A story about writing my first golang script and how to make a mailman archive summarizer

Time to try out another programming language!

Golang I see quite frequently in my twitters so have been thinking for a while – why not give it a shot for the next project!

TLDR; https://github.com/martbhell/mailman-summarizer


Took a while to figure out what would be a nice small project. Usually my projects involve some kind of web scraping that helps me somehow, https://wtangy.se/ is one which tells me if there “Was An Nhl Game Yesterday”. Also in this case it turned out I wanted something similar, but this time it was work related. I have been tinkering with this for a week or so on and off. Today, the day after Finnish Independence day I thought let’s get this going!

For $dayjob I’m in a team that among many other things manage a CEPH rados gateway object storage service. CEPH is quite a big (OK, it’s quite an active) project and their mailing lists are a decent (OK, I don’t know a better) places to stay up to date. For example the http://lists.ceph.com/pipermail/ceph-users-ceph.com/ has lots of interesting threads. However it sometimes gets 1000 messages per month! This is way too many for me, especially since most of them are not that interesting to me as I’m not an admin of any CEPH clusters, our services only use them :)

So the idea of an aggregator or filter was born. The mailing list has a digest option when subscribing, but it doesn’t have a filter.

Enter “mailman-summarizer“! https://github.com/martbhell/mailman-summarizer

As usual when I play around in my spare time I try to document much more than is necessary. But if I ever need to re-read this code in a year or two because something broke then I want to save myself some time. Most likely I won’t be writing much more Go between now and then so the things I learnt while writing this piece will probably have been purged from memory!

The end result https://storage.googleapis.com/ceph-rgw-users/feed.xml
as of right now looks like below in one RSS reader:

In summary the steps to get there were:

  • Used https://github.com/bcongdon/colly-example to do some web scraping of the mailman/pipermail web archive of the ceph-users e-mail list. Golang here was quite different from Python and beautifulsoup. It uses callbacks. I didn’t look too deeply into those but things did not happen in the same order they were written. Maybe it can be used to speed things up a bit, but the slowest part of this scraping is the 1s+random time delay I have between the HTTP GETs to be nice to the Internet ;)
  • It loops over the Months (thread.html) for some of the years and only saves links and their titles which has “GW” in the title.
  • Put this in a map (golang is different here too. Kind of like a python dictionary but one had to initialize it in advance. Lots of googling involved :)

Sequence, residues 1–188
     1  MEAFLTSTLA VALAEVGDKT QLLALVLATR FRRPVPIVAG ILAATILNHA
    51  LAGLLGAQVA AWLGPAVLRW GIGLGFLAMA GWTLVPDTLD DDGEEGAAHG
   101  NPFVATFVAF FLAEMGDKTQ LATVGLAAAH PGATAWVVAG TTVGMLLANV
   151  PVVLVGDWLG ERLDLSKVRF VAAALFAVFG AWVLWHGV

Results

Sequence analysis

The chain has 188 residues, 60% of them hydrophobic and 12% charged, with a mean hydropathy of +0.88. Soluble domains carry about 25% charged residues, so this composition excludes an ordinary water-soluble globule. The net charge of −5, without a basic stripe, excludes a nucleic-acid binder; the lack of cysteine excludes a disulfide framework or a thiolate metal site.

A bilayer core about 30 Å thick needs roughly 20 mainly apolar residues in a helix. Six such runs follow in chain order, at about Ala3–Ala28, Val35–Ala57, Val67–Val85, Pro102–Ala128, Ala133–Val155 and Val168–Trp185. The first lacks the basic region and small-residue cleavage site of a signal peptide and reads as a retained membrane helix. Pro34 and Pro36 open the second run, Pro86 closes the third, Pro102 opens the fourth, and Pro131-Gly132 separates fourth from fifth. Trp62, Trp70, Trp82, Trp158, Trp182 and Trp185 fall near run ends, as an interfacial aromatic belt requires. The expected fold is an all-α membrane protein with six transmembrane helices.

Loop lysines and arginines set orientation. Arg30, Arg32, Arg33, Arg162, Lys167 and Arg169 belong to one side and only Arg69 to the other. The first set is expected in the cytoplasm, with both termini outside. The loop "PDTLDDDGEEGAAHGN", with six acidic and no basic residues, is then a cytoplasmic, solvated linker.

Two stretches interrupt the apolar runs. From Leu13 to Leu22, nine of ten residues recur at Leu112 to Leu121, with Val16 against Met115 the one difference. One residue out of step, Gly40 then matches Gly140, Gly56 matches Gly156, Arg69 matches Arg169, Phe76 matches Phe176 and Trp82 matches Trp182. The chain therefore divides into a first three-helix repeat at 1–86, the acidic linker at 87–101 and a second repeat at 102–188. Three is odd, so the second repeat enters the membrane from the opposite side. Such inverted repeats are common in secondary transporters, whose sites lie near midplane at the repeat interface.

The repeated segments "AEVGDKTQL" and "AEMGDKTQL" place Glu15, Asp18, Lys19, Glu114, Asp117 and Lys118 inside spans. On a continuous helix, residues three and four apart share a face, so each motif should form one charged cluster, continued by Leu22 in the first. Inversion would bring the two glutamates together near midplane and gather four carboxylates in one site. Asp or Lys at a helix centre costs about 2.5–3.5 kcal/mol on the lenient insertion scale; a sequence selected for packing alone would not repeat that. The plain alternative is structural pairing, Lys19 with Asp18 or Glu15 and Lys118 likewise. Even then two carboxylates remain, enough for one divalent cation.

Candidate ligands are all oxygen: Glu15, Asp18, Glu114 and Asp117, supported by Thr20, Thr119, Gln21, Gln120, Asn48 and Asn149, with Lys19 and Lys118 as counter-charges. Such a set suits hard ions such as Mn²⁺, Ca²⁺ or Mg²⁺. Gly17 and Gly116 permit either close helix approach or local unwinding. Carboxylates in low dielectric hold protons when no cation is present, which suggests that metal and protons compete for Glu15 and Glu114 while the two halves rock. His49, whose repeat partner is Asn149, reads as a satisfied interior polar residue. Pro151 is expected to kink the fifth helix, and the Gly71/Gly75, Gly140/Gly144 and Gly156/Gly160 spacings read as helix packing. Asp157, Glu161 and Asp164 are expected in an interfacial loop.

• Loop over the map and create RSS, JSON, ATOM or HTML output using the gorilla feeds pkg. Use of the time pkg in Golang was needed to have nice fields in the RSS, this was interesting. Not using UNIX 1970 seconds epoch but some date in 2006? Some|most functions?types?interfaces? (I don’t know the names of most things) give a value AND an error on the call makes declaring? a variable a bit funny looking:
for l, _ := range data {
    keys = append(keys, l)
}

 That was the golang part. I could have just taken the output, stored it in a file and put it in a web server somewhere.

https://wtangy.se uses google’s object store, but it has an appengine python app in front. So I took a break and watched some NHL from yesterday and in the breaks I thought about what would be a slim way of publishing this feed. I did not want to run a virtual machine or container constantly, the feed is a static HTML and can just be put in an object store somewhere. It would need a place to run the code though, to actually generate the RSS feed!

I’m a big fan of travis-ci and as part of this project the continuous integration does this on every commit:

  • spawn a virtual machine with Go configured (this is all part of travis(/any other CI system I’ve played with), just needs the right words in .travis.yml file in the repo)
  • decrypt a file that has the credentials of a service account which has access to a bucket or two in a project in google cloud
  • compiles mailman-summarizer
  • run a bash script which eventually publishes the RSS feed on a website. It does this to a staging object storage bucket:
    • go runs “mailman-summarizer -rss” and writes the output to a file called feed.xml
    • uses the credentials to write feed.xml to the bucket and make the object public-readable
    • Then the script does the same to the production bucket

One could improve the CI part here a few ways:

  • Right now it uses the travis script provider in the deploy phase. There is a ‘gcs’ provider, but I couldn’t find documentation for how to specify the JSON file with the credentials like with appengine. I get a feel that because it’s not easy I should probably use appengine instead..
  • One could do more validation, perhaps validate the RSS feed before actually uploading it. But I couldn’t find a nice program that would validate the feed. There are websites like https://validator.w3.org/feed/ though so I used that manually. Maybe RSS feeds aren’t so cool anymore , I use them a lot though. 
  • An e2e test would also be cool. For example fetch the feed.xml from the staging and make sure it is the same as what was uploaded. 

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